SARS-CoV-2 is just one of nonillions of viruses on our planet, and scientists are rapidly identifying legions of new species.
Mya Breitbart has hunted novel viruses in African termite mounds, Antarctic seals and water from the Red Sea. But to hit pay dirt, she has only to step into her back garden in Florida. Hanging around her swimming pool are spiny-backed orbweavers (Gasteracantha cancriformis) — striking spiders with bulbous white bodies, black speckles and six scarlet spikes that make them look like a piece of medieval weaponry. Even more striking for Breitbart, a viral ecologist at the University of South Florida in St Petersburg, was what was inside. When she and her colleagues collected a few spiders and ground them up, they found two viruses previously unknown to science.
Although we humans have been focused on one particularly nasty virus since early 2020, there are legions of other viruses out there waiting to be discovered. Scientists estimate that there are about 1031 individual viral particles inhabiting the oceans alone at any given time — 10 billion times the estimated number of stars in the known Universe.
It’s becoming clear that ecosystems and organisms rely on viruses. Tiny but mighty, they have fuelled evolution for millions of years by shuttling genes between hosts. In the oceans, they slice open microorganisms, spilling their contents into the sea and flooding the food web with nutrients. “Without viruses,” says Curtis Suttle, a virologist at the University of British Columbia in Vancouver, Canada, “we would not be alive.”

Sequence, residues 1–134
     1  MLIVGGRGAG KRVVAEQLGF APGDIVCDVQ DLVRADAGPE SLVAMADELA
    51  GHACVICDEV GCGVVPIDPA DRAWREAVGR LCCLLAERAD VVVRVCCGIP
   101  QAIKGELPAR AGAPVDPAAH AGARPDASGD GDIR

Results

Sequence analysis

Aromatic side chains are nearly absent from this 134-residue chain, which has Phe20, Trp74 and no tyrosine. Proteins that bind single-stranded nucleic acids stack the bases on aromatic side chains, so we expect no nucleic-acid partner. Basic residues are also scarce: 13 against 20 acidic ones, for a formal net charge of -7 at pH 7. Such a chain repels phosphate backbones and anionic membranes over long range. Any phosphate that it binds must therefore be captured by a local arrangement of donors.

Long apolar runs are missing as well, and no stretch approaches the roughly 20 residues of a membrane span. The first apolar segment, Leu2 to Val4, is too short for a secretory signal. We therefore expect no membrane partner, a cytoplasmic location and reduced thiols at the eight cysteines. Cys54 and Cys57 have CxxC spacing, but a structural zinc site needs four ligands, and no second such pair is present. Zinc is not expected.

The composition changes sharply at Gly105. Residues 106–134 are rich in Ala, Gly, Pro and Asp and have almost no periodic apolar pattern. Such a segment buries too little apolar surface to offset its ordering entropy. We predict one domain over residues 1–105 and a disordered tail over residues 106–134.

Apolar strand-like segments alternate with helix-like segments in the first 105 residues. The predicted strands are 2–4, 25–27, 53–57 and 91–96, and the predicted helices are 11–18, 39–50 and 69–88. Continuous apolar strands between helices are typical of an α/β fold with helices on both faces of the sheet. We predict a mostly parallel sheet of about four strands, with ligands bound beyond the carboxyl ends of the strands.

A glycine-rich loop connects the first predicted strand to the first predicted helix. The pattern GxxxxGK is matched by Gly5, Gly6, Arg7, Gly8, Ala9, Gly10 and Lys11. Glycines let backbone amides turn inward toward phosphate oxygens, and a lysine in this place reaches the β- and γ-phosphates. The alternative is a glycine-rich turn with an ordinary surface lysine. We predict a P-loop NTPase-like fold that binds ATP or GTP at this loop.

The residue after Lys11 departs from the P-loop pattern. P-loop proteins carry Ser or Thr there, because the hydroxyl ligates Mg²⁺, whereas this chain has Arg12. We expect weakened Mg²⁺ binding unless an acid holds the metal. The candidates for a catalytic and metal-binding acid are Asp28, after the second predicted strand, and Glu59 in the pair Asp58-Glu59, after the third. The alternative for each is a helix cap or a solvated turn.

There are just 9,110 named species listed by the International Committee on Taxonomy of Viruses (ICTV), but that’s obviously a pitiful fraction of the total. In part, that’s because officially classifying a virus used to require scientists to culture a virus in its host or host cells — a time-consuming if not impossible process. It’s also because the search has been biased towards viruses that cause diseases in humans or organisms we care about, such as farm animals and crop plants. Yet, as the COVID-19 pandemic has reminded us, it’s important to understand viruses that might jump from one host to another, threatening us, our animals or our crops.
Over the past ten years, the number of known and named viruses has exploded, owing to advances in the technology for finding them, plus a recent change to the rules for identifying new species, to allow naming without having to culture virus and host. One of the most influential techniques is metagenomics, which allows researchers to sample the genomes in an environment without having to culture individual viruses. Newer technologies, such as single-virus sequencing, are adding even more viruses to the list, including some that are surprisingly common yet remained hidden until now. It’s an exciting time to be doing this kind of research, says Breitbart. “I think, in many ways, now is the time of the virome.”
In 2020 alone, the ICTV added 1,044 species to its official list, and thousands more await description and naming. This proliferation of genomes prompted virologists to rethink the way they classify viruses and helped to clarify their evolution. There is strong evidence that viruses emerged multiple times, rather than sprouting from a single origin.
Even so, the true range of the viral world remains mostly uncharted, says Jens Kuhn, a virologist at the US National Institute of Allergy and Infectious Diseases facility at Fort Detrick, Maryland. “We really have absolutely no idea what’s out there.”
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